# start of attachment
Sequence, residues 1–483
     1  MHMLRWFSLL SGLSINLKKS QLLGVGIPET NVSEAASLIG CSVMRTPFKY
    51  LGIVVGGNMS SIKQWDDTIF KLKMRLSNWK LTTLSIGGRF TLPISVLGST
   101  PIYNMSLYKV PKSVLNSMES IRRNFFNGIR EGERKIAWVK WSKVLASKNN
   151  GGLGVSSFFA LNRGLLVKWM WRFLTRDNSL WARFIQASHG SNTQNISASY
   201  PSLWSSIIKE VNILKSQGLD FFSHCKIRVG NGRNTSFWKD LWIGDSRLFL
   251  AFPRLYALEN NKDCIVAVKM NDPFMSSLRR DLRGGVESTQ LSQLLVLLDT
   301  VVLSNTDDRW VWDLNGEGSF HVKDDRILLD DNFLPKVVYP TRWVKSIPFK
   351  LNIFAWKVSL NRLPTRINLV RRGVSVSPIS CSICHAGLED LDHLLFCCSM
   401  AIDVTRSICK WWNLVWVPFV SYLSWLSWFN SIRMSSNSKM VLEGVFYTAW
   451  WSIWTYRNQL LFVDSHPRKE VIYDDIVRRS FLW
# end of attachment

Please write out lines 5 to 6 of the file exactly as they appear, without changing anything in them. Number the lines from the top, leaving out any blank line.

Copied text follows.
   151  GGLGVSSFFA LNRGLLVKWM WRFLTRDNSL WARFIQASHG SNTQNISASY
   201  PSLWSSIIKE VNILKSQGLD FFSHCKIRVG NGRNTSFWKD LWIGDSRLFL